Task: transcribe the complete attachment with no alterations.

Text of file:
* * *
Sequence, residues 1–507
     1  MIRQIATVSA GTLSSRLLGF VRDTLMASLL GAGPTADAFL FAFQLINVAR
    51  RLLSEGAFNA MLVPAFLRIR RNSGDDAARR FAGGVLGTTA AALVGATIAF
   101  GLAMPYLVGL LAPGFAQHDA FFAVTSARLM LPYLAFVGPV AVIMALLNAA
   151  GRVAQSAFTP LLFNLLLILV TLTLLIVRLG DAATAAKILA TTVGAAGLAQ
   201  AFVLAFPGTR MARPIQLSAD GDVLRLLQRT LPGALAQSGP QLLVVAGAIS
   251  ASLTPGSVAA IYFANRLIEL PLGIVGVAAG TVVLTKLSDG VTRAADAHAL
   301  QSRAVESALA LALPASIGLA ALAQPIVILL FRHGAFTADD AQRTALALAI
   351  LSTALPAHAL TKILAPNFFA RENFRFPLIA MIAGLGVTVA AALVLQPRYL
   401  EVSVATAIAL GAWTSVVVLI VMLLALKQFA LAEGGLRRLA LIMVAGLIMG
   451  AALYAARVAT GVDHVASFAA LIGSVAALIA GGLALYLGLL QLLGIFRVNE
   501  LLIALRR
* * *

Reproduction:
Sequence, residues 1–507
     1  MIRQIATVSA GTLSSRLLGF VRDTLMASLL GAGPTADAFL FAFQLINVAR
    51  RLLSEGAFNA MLVPAFLRIR RNSGDDAARR FAGGVLGTTA AALVGATIAF
   101  GLAMPYLVGL LAPGFAQHDA FFAVTSARLM LPYLAFVGPV AVIMALLNAA
   151  GRVAQSAFTP LLFNLLLILV TLTLLIVRLG DAATAAKILA TTVGAAGLAQ
   201  AFVLAFPGTR MARPIQLSAD GDVLRLLQRT LPGALAQSGP QLLVVAGAIS
   251  ASLTPGSVAA IYFANRLIEL PLGIVGVAAG TVVLTKLSDG VTRAADAHAL
   301  QSRAVESALA LALPASIGLA ALAQPIVILL FRHGAFTADD AQRTALALAI
   351  LSTALPAHAL TKILAPNFFA RENFRFPLIA MIAGLGVTVA AALVLQPRYL
   401  EVSVATAIAL GAWTSVVVLI VMLLALKQFA LAEGGLRRLA LIMVAGLIMG
   451  AALYAARVAT GVDHVASFAA LIGSVAALIA GGLALYLGLL QLLGIFRVNE
   501  LLIALRR